Accra, Feb. 14, GNA - Mr Alan Kyerematen, Minister of Trade and Industry, on Monday called on countries to develop their own trade policies that would give them a better focus when negotiating on the international market.
He said it was important for countries to clearly state their various trade policies to ensure better negotiations at the international level.
Mr Kyerematen, who was addressing a Regional workshop on multilateral trade negotiation on agriculture, urged participants to ensure that unfair and inequitable trade negotiations on agriculture committed in the past were not repeated.
Twenty-three West and Central African countries are attending the four-day workshop that would assist the UN Food and Agriculture Organization (FAO) members to be better informed on the "Post-Modalities Framework" of the World Trade Organization (WTO) framework agreement on agriculture.
The need for further clarification of the WTO negotiations on agriculture was a result of the failure of FAO members to agree on the modalities that would set the parameters for the outcome of the negotiations on agriculture.
These include the extent to agree on modalities reflecting important differences among members over the implementation period. Failure to agree on the modalities reflected important differences among members in several key issues relating largely to the level of ambition for reducing tariffs and subsidies.
Mr Kyerematen cited incidences where domestic support had been eliminated instead of being reduced and urged participants to consider critical gaps such as the erosion of preferential margins, which resulted from tariff reductions by preference-giving members, market access and export competition.
"In the area of export competition, despite the commitment to eliminate export subsidies, the end-date remains to be fixed," he said. The Minister also mentioned the Economic Partnership Agreement (EPA), which was to be concluded between the ACP sub-regional groupings and the European Union.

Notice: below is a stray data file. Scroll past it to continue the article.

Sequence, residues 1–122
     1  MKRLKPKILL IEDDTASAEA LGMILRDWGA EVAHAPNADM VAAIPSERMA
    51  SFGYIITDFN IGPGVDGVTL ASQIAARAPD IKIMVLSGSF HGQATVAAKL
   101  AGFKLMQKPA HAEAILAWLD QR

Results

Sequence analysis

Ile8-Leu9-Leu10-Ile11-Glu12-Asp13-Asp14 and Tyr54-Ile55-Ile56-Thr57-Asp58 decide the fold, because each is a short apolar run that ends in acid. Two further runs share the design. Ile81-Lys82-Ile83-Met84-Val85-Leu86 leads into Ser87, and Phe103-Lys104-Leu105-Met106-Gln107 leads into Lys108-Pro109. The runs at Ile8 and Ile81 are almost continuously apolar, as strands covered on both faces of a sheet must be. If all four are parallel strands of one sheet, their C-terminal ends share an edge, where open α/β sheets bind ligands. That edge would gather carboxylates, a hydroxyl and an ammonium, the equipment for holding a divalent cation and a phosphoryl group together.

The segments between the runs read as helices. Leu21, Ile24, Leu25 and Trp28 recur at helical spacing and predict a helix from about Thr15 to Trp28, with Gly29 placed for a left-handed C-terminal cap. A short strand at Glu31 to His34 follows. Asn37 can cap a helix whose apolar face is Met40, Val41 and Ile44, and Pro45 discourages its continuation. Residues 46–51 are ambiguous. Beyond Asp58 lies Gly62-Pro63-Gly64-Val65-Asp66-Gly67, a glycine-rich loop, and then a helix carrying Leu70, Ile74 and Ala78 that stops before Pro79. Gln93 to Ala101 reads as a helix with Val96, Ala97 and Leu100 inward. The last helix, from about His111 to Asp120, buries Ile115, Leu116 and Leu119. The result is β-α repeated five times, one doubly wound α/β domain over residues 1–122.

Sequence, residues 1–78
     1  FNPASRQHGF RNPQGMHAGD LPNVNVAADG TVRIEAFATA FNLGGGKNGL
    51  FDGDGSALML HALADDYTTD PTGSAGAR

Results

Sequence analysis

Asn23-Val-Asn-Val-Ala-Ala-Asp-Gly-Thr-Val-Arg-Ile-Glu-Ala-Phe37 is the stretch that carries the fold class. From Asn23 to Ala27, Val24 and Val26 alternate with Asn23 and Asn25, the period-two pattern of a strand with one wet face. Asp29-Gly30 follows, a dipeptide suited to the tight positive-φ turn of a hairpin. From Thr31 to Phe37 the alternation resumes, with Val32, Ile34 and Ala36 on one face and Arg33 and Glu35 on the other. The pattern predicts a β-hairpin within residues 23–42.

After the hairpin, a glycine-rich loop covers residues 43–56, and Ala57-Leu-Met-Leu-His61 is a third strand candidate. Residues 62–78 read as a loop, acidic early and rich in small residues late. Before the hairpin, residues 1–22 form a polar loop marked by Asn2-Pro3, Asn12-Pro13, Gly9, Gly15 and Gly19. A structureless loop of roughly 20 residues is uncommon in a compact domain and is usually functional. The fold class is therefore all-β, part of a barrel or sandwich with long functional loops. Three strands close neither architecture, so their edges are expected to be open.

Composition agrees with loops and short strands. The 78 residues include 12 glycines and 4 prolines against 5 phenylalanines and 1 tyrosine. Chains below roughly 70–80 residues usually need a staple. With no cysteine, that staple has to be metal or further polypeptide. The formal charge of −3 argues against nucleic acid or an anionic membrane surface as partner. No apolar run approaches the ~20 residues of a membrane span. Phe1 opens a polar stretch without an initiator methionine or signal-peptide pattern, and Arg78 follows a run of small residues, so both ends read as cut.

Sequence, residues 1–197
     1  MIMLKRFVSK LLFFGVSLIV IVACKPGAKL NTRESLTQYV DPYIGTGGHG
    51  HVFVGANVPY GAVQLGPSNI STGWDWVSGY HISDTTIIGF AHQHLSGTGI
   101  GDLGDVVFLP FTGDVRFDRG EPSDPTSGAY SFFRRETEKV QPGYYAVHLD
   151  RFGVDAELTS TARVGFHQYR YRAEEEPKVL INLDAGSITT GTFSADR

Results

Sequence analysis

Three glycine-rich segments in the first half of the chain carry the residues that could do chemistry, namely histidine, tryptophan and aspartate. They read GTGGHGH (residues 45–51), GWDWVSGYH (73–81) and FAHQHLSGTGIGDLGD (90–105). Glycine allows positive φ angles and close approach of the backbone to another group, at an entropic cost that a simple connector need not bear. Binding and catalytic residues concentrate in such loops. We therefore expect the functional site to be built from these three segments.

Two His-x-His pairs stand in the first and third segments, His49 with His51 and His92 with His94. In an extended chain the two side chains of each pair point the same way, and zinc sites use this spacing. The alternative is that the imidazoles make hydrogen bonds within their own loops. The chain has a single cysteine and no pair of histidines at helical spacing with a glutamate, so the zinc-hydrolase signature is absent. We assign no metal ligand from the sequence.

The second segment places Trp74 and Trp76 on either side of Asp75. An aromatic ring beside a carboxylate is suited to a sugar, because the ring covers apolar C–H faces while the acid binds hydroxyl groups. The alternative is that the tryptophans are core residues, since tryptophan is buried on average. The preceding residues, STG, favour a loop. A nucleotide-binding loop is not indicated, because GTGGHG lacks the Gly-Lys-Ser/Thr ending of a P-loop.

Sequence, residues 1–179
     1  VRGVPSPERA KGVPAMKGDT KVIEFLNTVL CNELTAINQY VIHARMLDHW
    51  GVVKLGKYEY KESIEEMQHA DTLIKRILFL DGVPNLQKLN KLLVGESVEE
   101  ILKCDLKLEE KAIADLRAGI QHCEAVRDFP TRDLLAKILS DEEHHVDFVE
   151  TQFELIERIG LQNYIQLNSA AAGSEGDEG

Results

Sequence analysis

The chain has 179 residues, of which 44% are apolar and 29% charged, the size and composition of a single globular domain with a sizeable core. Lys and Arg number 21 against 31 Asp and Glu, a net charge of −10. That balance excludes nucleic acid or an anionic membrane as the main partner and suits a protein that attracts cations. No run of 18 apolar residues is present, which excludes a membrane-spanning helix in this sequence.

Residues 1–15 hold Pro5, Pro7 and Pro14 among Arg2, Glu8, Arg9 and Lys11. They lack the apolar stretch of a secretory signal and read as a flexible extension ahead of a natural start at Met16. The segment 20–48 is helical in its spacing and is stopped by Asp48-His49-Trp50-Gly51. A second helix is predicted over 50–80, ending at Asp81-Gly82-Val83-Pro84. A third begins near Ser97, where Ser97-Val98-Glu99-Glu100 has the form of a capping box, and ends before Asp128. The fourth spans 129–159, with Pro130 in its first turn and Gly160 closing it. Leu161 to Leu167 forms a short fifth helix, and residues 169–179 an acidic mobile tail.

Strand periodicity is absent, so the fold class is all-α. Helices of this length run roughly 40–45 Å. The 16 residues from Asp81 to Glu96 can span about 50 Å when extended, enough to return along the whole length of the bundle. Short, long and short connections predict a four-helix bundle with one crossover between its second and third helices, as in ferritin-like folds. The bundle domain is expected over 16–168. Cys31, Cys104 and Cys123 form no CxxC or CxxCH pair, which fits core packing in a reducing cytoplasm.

Mr Kyerematen said the EPA was being negotiated to replace the current Lome Trading Arrangement, reproduced in the Cotonou Partnership Agreement (CPA), because it was incompatible with GATT and WTO provisions.
He noted that though the CPA had been implemented over the years through a waiver, it had become very difficult to obtain the waiver. Mr Kyerematen said Ghana would soon launch a new trade policy that would give an entire new phase to trade and industry in the county.
Mr Kwaku Owusu-Baah, Chief Director, Ministry of Food and Agriculture, advocated for intensive trans-boarder trade negotiations to ensure total reduction of market prices and promote smooth trading. He stated that it was only through inter-regional trade negotiations that member countries could enjoy some benefits such as EU duty-free access to their markets.
Mr Oloche Anebi Edache, FAO Assistant Director-General and Regional Representative for Africa, said while a total of 842 million people globally continued to suffer from hunger due to the continuing food deficit, it was very important for policy makers to speed up efforts to eliminate the scourge of hunger and under-nourishment by agreeing to reduce the number to half by the end of 2015.
"Out of this number 204 million live in sub-Saharan African countries...."
He said the figure was a clear reminder of the sufferings of the silent millions of West and Central African people striving to make a living.
Mr Edache attributed the cause of problem to war and conflicts most West and Central African countries, which were currently experiencing as high as about 10 million undernourished people since the 1996 World Food summit.
He called for full participation by both members in WTO meetings so that they would be able to understand evolving issues of the WTO Agreements.
Mr Edache noted that with sharpened negotiation skills they would be able to achieve better results, which would go a long way in assisting African countries to take full advantage of the opportunities available in the Doha Round to arrest and reverse the trend towards their marginalisation in agricultural trade.